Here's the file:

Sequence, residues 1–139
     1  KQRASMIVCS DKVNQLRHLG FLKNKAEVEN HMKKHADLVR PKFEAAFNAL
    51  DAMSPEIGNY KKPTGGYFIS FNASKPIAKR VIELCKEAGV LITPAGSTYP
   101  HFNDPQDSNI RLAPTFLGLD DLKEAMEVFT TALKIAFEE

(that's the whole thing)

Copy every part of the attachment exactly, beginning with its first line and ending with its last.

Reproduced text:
Sequence, residues 1–139
     1  KQRASMIVCS DKVNQLRHLG FLKNKAEVEN HMKKHADLVR PKFEAAFNAL
    51  DAMSPEIGNY KKPTGGYFIS FNASKPIAKR VIELCKEAGV LITPAGSTYP
   101  HFNDPQDSNI RLAPTFLGLD DLKEAMEVFT TALKIAFEE